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A lipokine is a lipid-controlling hormone. The term was coined by Hotamisligil Lab in 2008 to classify fatty acids which modulate lipid metabolism by what he called a "chaperone effect".[1]

The lipokine palmitoleic acid (C16:1n7-palmitoleate) travels to the muscles and liver, where it improves cell sensitivity to insulin and blocks fat accumulation in the liver. In addition, researchers observed that palmitoleate suppresses inflammation, which is considered by many to be a primary factor leading to metabolic disease.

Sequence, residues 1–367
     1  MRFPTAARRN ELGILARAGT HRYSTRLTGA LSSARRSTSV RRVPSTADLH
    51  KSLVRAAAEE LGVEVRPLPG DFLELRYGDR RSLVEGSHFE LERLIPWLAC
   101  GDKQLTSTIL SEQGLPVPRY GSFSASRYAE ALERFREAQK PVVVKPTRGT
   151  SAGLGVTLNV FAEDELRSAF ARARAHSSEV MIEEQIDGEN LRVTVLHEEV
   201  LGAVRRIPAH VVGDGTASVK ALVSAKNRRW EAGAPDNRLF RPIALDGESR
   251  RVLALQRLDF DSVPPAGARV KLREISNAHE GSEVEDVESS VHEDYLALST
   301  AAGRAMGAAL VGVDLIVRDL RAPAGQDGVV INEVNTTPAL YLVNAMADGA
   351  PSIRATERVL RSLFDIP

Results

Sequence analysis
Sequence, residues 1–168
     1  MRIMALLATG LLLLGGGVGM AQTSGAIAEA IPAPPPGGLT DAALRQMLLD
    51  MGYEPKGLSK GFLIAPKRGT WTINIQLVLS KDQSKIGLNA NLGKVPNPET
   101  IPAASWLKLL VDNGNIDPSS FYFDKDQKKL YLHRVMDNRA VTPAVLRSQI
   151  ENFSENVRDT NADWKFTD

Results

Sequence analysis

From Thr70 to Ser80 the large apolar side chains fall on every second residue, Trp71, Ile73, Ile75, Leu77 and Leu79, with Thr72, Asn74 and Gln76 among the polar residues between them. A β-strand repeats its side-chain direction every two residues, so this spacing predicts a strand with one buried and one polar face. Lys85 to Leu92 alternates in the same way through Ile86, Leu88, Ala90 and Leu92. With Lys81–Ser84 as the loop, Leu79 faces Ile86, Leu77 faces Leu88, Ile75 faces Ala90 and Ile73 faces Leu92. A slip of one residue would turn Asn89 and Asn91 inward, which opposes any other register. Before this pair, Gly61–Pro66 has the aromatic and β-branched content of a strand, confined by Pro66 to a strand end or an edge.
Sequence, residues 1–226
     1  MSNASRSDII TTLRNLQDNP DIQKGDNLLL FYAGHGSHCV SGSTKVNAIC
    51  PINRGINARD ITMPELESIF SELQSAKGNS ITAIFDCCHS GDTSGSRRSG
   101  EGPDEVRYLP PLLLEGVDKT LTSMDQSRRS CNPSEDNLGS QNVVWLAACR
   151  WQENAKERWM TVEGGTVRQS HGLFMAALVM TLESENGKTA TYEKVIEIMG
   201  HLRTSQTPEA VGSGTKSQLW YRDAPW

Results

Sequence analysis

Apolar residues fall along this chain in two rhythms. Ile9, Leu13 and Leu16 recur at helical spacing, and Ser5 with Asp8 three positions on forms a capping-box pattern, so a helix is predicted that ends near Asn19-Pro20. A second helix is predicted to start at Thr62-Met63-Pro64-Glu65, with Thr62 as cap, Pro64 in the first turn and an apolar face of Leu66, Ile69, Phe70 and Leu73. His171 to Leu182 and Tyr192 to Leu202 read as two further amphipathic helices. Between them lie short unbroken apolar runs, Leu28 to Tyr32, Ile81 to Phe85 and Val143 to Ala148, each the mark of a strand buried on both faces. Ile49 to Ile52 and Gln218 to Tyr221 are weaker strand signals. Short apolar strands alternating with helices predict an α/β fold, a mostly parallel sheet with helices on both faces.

Palmitoleic acid also serves as a biomarker for metabolic status. More specifically, a low concentration in the free acid component of the serum indicates a risk of metabolic disease, and that de novo lipogenesis should be stimulated. Additionally, administering palmitoleic acid to a subject (via nutraceutical or other means), positively impacts lipid metabolism.[1]


  1. ^ a b Haiming Cao; Kristin Gerhold; Jared R. Mayers; Michelle M. Wiest; Steve M. Watkins; and Gökhan S. Hotamisligil (2008). "Identification of a Lipokine, a Lipid Hormone Linking Adipose Tissue to Systemic Metabolism". Cell. 134 (6): 933–944. doi:10.1016/j.cell.2008.07.048. PMC 2728618. PMID 18805087.